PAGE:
Residents on popular motorcycle routes are starting to rebel against what they see as ‘hoon riders’ invading their weekend country peace and quite.
In the latest move, Mt Mee residents in Brisbane’s west have called for concealed surveillance cameras, point-to-point speed cameras, more 60km/h zones, traffic claiming, fluorescent speed signs, TruCAM laser speed guns fitted in police patrol cars and for police to confiscate helmet cameras for evidence of hooning.
This follows one resident placing an elaborate fake speed camera by the roadside to slow riders. The illegal roadside obstacle was later removed by a roadworks crew.
The issue has now blown up amid claims of “hooning, drifting, speeding, luging and general anti-social behaviour on Mt Mee Road between D’Aguilar and Dayboro” in a letter from local State MP Andrew Powell to the Police and Main Roads ministers.
UPDATE AUGUST 24: The Main Roads Minister’s office has now replied saying the speed limit will not be dropped from 100km/h to 60km/h in the lookout area as requested by residents as it is a “rural arterial road”.
The office also rejects traffic calming and fluorescent speed signs.
While the ministers don’t seem likely to bend to the whims of one backbench Opposition Member, police have already started discriminatory RBT and vehicle checks on riders in the area.
Riders who have become aware of the letter have either called for more bikes to buzz the region or for a boycott.
Pit Stop Cafe owner John Alexander says rider numbers have decreased on Mt Mee because of the heightened police presence.
He says he has seen as many as three police bikes and a patrol car in the 7km from his cafe to the Mt Mee school. Some come from as far as Nambour, he says.
“It’s like the bikie laws. It’s just a carpet-bombing approach whereas they should target the areas of concern,” he says.
“It’s not intimidation, but if you go past a policeman it’s second nature to look at your speedo and if you see a few of them then you avoid the road altogether.”
He says the resultant drop-off in riders will impact local businesses as far as Dayboro and Woodford.
Residents have allegedly complained that motorcyclists, motorists and luge riders block the road and driveways so they can race, ride on the wrong side of the road, urinate in yards and perform burnouts and wheelies.
“The groups are that well organised even sending drones ahead to ascertain of any police presences, and using mobiles and social media t quickly communicate such,” Andrew’s letter claims.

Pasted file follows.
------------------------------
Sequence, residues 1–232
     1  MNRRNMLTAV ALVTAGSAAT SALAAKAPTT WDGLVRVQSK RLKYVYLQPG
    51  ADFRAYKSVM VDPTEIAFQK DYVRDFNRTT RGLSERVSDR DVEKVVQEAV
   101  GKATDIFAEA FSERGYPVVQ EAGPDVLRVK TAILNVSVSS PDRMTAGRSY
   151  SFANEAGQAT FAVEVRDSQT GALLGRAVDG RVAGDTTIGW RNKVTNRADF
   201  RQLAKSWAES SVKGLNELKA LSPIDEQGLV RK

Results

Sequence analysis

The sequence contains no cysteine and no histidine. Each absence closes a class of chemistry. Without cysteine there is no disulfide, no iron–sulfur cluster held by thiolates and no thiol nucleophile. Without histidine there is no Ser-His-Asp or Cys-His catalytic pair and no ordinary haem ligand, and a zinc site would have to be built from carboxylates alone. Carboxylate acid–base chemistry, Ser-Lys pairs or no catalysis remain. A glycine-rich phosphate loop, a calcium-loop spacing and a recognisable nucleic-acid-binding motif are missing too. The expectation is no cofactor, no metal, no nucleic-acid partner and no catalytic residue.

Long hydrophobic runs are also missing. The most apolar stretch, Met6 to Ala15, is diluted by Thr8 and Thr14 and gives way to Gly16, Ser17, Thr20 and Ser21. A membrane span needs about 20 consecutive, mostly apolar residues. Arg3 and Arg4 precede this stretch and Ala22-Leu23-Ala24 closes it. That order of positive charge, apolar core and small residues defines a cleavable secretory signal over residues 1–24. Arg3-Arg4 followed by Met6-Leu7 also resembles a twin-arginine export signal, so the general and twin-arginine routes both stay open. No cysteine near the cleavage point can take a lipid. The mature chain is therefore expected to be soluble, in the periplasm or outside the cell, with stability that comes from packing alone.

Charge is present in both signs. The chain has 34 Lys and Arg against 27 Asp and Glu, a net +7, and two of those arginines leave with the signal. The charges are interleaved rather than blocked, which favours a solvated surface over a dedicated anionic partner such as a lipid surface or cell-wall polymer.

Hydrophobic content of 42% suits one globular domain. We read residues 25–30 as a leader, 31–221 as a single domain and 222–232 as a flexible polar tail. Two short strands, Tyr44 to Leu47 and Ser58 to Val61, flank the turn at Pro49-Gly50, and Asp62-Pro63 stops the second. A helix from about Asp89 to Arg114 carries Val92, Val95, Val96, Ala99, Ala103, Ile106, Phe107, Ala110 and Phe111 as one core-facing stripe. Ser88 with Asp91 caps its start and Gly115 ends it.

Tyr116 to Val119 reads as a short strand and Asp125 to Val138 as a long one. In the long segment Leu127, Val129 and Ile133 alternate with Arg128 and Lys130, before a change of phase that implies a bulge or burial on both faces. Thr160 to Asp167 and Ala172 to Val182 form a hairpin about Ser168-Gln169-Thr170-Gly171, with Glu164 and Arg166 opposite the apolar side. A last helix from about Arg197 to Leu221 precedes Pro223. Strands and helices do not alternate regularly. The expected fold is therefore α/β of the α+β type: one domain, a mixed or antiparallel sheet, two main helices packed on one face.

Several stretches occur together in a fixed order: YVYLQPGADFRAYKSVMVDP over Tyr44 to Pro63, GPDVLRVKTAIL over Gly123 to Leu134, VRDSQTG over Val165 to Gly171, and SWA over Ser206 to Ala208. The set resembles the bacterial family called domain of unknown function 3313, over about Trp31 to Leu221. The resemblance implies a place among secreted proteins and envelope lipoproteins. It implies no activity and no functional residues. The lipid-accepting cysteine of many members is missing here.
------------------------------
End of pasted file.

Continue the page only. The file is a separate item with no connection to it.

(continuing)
John says he has not experienced any of these “hooning” behaviours that residents have claimed.
“We don’t see bikes hooning all that much, but we do have cars coming up at night and driving past very fast,” John says.
Andrew admits he does not have any evidence or statistics of the hooning activities, only residents’ anecdotes.
He called a public meeting of residents on June 5 at the Mt Mee Community Hall about the situation after receiving about “up to a dozen complaints”. He says more than 20 people expressed concerns at the meeting.
Andrew says that since his letter to the ministers was posted on social media, he has received “a number of angry emails, phone calls and Facebook posts”.
“If riders are operating safely and legally I don’t understand what they have to be concerned about,” he says.
“My complaint is with a small group of motorcyclists undertaking moronic activities that are not only dangerous but create an unnecessary nuisance to many of my constituents.
“I personally am very supportive of the larger community of law-abiding motorcyclists.”
Police Minister Mark Ryan says they will continue to patrol the areas and deploy speed cameras.
Confiscation of evidence
As for the issue of riders having their helmet cameras or SD cards seized, that is already allowed in law, the Police Minister says.
“I understand Queensland Police have a suite of powers under the Police Powers and responsibilities Act 2000 which, in certain circumstances, allow the seizure of items that may provide evidence of an offence,” he says.
Motorcycle Riders Association of Queensland president Chris Mearns has also warned riders about using helmet cameras which can be confiscated by police.
“Our belief is that these can already be access as evidence if the police so desire as is the case on anything that can be classified as evidence and to withhold evidence is a crime in itself,” he says.